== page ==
John William Godward
Godward was a Victorian Neo-classicist, and therefore a follower in theory of Frederic Leighton. However, he is more closely allied stylistically to Sir Lawrence Alma-Tadema, with whom he shared a penchant for the rendering of Classical architecture, in particular, static landscape features constructed from marble.
The vast majority of Godward's extant images feature women in Classical dress, posed against these landscape features, though there are some semi-nude and fully nude figures included in his oeuvre (a notable example being In The Tepidarium (1913), a title shared with a controversial Alma-Tadema painting of the same subject that resides in the Lady Lever Art Gallery). The titles reflect Godward's source of inspiration: Classical civilisation, most notably that of Ancient Rome (again a subject binding Godward closely to Alma-Tadema artistically), though Ancient Greece sometimes features, thus providing artistic ties, albeit of a more limited extent, with Leighton.
Given that Classical scholarship was more widespread among the potential audience for his paintings during his lifetime than in the present day, meticulous research of detail was important in order to attain a standing as an artist in this genre. Alma-Tadema was, as well as a painter, an archaeologist who attended historical sites and collected artefacts that were later used in his paintings: Godward, too, studied such details as architecture and dress, in order to ensure that his works bore the stamp of authenticity. In addition, Godward painstakingly and meticulously rendered those other important features in his paintings, animal skins (the paintings Noon Day Rest (1910) and A Cool Retreat (1910) contain superb examples of such rendition) and wild flowers (Nerissa (1906), illustrated above, and Summer Flowers (1903) are again excellent examples of this).
The appearance of beautiful women in studied poses in so many of Godward's canvases causes many newcomers to his works to categorise him mistakenly as being Pre-Raphaelite, particularly as his palette is often a vibrantly colourful one. However, the choice of subject matter (ancient civilisation versus, for example, Arthurian legend) is more properly that of the Victorian Neoclassicist: however, it is appropriate to comment that in common with numerous painters contemporary with him, Godward was a 'High Victorian Dreamer', producing beautiful images of a world which, it must be said, was idealised and romanticised, and which in the case of both Godward and Alma-Tadema came to be criticised as a world-view of 'Victorians in togas'. Related Paintings of John William Godward :. | Pompeian Lady | A Souvenir | The Ring | Youth and Time | The Mirror |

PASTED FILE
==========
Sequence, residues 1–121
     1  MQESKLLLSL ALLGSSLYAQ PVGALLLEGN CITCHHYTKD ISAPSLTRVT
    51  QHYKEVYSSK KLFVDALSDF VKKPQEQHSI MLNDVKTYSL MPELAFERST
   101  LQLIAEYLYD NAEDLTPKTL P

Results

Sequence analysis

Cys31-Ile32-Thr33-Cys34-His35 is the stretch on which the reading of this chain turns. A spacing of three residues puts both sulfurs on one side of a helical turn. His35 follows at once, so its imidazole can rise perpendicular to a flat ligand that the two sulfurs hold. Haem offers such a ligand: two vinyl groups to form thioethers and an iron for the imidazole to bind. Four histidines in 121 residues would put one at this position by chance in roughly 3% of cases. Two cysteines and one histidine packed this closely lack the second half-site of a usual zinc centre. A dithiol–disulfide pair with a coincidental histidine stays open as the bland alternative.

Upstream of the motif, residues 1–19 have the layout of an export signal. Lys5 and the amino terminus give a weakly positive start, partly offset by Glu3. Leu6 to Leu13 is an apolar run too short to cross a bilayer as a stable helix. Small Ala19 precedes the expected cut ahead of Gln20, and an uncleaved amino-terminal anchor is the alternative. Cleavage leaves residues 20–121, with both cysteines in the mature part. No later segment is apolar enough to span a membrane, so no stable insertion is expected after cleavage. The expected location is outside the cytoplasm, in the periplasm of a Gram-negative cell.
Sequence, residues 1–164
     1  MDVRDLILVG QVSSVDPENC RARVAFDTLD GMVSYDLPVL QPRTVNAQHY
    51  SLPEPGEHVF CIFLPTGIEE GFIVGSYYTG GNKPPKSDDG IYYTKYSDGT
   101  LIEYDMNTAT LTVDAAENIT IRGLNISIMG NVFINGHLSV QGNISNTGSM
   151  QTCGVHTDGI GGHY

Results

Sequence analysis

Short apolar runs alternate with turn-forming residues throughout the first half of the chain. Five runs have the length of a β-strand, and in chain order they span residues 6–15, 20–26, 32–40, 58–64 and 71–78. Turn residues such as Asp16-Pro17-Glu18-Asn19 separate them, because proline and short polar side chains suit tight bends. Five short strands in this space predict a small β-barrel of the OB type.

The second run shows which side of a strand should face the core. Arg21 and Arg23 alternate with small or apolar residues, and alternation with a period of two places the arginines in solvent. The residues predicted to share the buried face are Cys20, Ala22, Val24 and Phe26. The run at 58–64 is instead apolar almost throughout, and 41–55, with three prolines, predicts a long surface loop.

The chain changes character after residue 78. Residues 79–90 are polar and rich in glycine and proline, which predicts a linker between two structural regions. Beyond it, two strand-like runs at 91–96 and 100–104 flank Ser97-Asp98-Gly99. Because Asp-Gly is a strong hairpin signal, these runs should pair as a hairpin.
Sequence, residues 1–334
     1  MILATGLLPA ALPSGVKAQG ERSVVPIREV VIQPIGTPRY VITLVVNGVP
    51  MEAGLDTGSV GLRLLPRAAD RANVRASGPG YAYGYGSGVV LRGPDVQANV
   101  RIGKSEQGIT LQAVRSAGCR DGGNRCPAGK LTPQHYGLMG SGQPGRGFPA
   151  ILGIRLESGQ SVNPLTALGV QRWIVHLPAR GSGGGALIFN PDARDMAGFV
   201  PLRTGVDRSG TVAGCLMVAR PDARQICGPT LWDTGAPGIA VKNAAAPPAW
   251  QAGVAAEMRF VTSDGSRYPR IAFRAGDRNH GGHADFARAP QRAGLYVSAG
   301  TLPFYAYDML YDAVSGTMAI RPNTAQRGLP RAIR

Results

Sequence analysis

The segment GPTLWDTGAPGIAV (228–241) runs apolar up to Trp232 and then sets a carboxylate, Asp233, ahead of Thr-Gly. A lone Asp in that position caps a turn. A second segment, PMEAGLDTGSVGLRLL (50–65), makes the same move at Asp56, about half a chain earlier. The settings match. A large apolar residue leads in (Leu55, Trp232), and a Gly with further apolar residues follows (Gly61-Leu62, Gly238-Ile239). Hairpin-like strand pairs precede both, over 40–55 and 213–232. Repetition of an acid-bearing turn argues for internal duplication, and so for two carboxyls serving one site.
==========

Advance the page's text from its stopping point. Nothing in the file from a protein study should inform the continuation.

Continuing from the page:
Related Artists:Pierre-edouard Frere
(1819 - 1886), French painter, studied under Hippolyte Delaroche, entered the e - ole des Beaux-Arts in 1836 and exhibited first at the Salon in 1843. The marked sentimental tendency of his art makes us wonder at John Ruskin's enthusiastic eulogy which finds in Frere's work the depth of William Wordsworth, the grace of Joshua Reynolds, and the holiness of Fra Angelico. What we can admire in his work is his accomplished craftsmanship and the intimacy and tender homeliness of his conception. Among his chief works are the two paintings, Going to School and Coming from School, The Little Glutton (his first exhibited picture) and L'Exercice (in the 19th century this work was in John Jacob Astor's collection). A journey to Egypt in 1860 resulted in a small series of Orientalist subjects, but the majority of Frere's paintings deal with the life of the kitchen, the workshop, the dwellings of the humble, and mainly with the pleasures and little troubles of the young, which the artist brings before us with humor and sympathy. He was one of the most popular painters of domestic genre in the middle of the 19th century.
Arthur William Devis
(10 August 1762 - 11 February 1822) was an English painter of history paintings and portraits. He was appointed draughtsman in a voyage projected by the East India Company in 1783, under Captain Henry Wilson, in which he was wrecked on the Pelew Islands before proceeding to Canton and thence to Bengal. He painted portraits and historical subjects, sixty-five of which he exhibited (1779-1821) at the Royal Academy.
(March 29, 1848, Montmartre - February 5, 1920, Chartres) was a French painter.
Portrait of Adrien Lavieille in 1879, by his wife, Marie Adrien Lavieille.
Oil on canvas (private collection).Son of the landscape painter Eugene Lavieille, and nephew of the wood engraver Jacques Adrien Lavieille, he was a painter of the country : near Paris, in Brittany, near Cancale and on the riverside of the Vilaine in the south of Rennes, in Touraine, at Saint-Jean-de-Monts in Vendee, where he was invited by a friend, the painter and engraver Auguste Lepere, around Vendôme where he sojourned in the home of his daughter, Andree Lavieille, so a painter, and of his son-in-law, the man of letters, Paul Tuffrau.
He also painted in Montmartre, where he lived during his youthful days, and, as his father, at Moret-sur-Loing, near Fontainebleau.
Parallelly to his painter's activities, Adrien Lavieille executed, during his life, for money's reasons, works of restoration and decoration : basilica Saint-Martin in Tours (where he worked with the painter Pierre Fritel), Palais de Justice of Rennes, Château de Vaux-le-Vicomte, Hôtel de Lauzun, quai d'Anjou in Paris.
In 1878, he married the painter Marie Petit.